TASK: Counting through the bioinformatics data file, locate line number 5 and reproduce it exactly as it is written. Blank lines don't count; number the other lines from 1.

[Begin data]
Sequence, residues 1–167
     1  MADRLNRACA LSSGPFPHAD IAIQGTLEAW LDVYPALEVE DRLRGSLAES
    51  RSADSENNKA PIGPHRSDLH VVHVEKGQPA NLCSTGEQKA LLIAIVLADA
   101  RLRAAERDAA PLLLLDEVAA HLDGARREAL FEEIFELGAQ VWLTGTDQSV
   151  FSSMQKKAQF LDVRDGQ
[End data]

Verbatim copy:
   151  FSSMQKKAQF LDVRDGQ